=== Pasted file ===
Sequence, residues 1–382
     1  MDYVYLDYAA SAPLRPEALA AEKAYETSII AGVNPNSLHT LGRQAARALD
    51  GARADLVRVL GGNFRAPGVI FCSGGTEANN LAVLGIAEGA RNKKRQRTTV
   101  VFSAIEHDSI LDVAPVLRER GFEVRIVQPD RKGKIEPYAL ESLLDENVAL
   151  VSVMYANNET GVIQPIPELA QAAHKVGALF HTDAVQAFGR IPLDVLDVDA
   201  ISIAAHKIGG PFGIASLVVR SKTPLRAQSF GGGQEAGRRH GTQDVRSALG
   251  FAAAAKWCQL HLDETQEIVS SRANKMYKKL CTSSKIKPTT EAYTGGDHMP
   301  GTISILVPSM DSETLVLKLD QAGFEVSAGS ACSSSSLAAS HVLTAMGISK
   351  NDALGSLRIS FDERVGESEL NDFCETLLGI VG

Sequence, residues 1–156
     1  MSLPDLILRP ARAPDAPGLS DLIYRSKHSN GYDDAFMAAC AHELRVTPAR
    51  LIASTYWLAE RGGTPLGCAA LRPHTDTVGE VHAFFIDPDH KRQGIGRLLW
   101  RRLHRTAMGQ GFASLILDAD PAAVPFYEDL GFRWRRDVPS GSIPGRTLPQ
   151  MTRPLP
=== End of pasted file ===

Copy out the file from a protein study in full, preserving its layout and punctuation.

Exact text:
Sequence, residues 1–382
     1  MDYVYLDYAA SAPLRPEALA AEKAYETSII AGVNPNSLHT LGRQAARALD
    51  GARADLVRVL GGNFRAPGVI FCSGGTEANN LAVLGIAEGA RNKKRQRTTV
   101  VFSAIEHDSI LDVAPVLRER GFEVRIVQPD RKGKIEPYAL ESLLDENVAL
   151  VSVMYANNET GVIQPIPELA QAAHKVGALF HTDAVQAFGR IPLDVLDVDA
   201  ISIAAHKIGG PFGIASLVVR SKTPLRAQSF GGGQEAGRRH GTQDVRSALG
   251  FAAAAKWCQL HLDETQEIVS SRANKMYKKL CTSSKIKPTT EAYTGGDHMP
   301  GTISILVPSM DSETLVLKLD QAGFEVSAGS ACSSSSLAAS HVLTAMGISK
   351  NDALGSLRIS FDERVGESEL NDFCETLLGI VG

Sequence, residues 1–156
     1  MSLPDLILRP ARAPDAPGLS DLIYRSKHSN GYDDAFMAAC AHELRVTPAR
    51  LIASTYWLAE RGGTPLGCAA LRPHTDTVGE VHAFFIDPDH KRQGIGRLLW
   101  RRLHRTAMGQ GFASLILDAD PAAVPFYEDL GFRWRRDVPS GSIPGRTLPQ
   151  MTRPLP